Chronicles constantly refers to the activity of God in rewarding good and punishing evil. It shows the power of the love and the Word of God. How God draws near His people in it; how He constantly oversees it and enforces it. It is simply and plainly, but reverently written-solemn and spiritual in tone, always conscious of God in the background. We shall note as we read through these books, how the chronicler points out simply and directly, the spiritual lessons of events. Its spirit is both admonition and encouragement.

It was apparently written for a new beginning in Israel, after the return from the Babylonian captivity. It covers the entire period from Adam to the proclamation of Cyrus and the return from Babylon. It appears to be one book with Ezra, for it ends with exactly the same three verses that the book of Ezra starts with. Its latest genealogy, that of David straight through Zerubbabel, goes to about 425 BC - the latest events in the Old Testament scriptures. Therefore, Chronicles covers a period of about 3500 years, about half of the 7000 of the whole purposed.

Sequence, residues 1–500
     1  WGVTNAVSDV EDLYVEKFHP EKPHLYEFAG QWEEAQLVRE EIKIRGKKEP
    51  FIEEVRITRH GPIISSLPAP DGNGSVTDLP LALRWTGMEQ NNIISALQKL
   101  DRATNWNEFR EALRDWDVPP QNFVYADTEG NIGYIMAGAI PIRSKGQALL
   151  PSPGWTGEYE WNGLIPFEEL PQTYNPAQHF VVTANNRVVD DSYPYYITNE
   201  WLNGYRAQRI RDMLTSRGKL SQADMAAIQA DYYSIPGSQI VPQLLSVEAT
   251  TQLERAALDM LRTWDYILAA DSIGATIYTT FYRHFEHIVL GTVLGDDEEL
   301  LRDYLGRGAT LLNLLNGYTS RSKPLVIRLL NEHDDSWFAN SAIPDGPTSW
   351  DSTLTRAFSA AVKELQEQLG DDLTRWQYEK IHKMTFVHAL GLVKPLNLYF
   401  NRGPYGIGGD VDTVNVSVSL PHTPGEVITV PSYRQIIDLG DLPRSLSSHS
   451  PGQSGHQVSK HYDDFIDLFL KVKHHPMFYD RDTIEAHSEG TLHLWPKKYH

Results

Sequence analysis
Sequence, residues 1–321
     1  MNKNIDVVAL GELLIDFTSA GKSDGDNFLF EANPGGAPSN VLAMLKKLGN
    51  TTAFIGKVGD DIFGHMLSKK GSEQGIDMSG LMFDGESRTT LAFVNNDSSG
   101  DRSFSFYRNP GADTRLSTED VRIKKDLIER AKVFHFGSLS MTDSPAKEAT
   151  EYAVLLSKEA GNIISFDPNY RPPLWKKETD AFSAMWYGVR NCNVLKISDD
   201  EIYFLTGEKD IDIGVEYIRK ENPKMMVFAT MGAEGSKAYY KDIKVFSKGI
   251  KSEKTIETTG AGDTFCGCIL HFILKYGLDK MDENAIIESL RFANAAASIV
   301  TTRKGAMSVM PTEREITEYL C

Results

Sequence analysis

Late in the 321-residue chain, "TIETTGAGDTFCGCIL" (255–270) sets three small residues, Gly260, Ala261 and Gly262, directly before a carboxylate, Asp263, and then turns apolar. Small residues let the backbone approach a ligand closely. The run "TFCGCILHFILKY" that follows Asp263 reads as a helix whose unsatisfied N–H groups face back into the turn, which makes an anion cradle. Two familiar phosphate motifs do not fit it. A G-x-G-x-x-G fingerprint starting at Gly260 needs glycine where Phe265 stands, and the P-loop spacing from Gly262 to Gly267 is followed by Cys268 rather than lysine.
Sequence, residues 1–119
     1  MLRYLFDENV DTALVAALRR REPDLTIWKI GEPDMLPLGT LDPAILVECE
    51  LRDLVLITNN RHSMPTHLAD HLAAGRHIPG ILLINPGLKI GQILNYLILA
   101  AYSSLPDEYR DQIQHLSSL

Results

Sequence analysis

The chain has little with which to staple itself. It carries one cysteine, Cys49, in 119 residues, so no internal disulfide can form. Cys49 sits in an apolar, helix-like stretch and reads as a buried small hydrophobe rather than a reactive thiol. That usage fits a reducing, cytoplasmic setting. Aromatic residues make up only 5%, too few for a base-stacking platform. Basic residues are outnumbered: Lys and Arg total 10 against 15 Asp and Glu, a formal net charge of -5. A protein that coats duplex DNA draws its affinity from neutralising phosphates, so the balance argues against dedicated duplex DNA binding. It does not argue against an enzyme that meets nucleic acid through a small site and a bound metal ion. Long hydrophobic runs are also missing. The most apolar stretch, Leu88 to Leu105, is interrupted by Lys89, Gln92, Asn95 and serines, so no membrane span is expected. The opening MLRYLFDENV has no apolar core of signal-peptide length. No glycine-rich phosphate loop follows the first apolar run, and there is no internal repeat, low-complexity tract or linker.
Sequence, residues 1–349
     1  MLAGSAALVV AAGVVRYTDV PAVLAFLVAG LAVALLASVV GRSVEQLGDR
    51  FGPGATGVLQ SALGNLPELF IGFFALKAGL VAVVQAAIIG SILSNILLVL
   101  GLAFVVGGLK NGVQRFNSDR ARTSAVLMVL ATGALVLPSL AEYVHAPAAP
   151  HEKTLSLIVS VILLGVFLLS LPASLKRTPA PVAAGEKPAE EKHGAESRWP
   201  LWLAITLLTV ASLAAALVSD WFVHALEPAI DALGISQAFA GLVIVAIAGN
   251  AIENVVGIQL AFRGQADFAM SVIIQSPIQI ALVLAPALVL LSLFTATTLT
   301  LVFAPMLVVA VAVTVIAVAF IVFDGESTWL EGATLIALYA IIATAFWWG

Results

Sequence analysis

It has always been ascribed by tradition to Ezra, and it has all appearances of that fact - the time, the circumstances, the terms used for Ezra and the position that he held in Israel at this time. He is the logical author. The modern view, of course, rejects this, as it rejects all else. It tries to make it much later, endeavoring to discredit the scriptures and bring them down to man's low, weak level.

The Chronicles are unlike any other book in the Bible, for they do not undertake to cover any new period not already covered. Rather, it is a summary of the whole. It brings out more clearly than before the Messianic promise made to David. It largely covers the same period as Samuel and Kings, but from more specifically divinely and religiously centered viewpoints. It is a history with a special purpose.

It leaves out very much that is not directly connected with the central movement of the divine purpose, and it greatly expands the religious sequence - the temple services and the Levitical arrangement and the religious reforms of the good kings. It hardly mentions at all the northern 10-tribe kingdom, except where it is absolutely necessary to give the picture that it is dealing with. In all, it emphasizes the fact that anything that strays away from God loses all meaning and importance, and becomes near animal and worthless.

Bro Growcott - The words of the days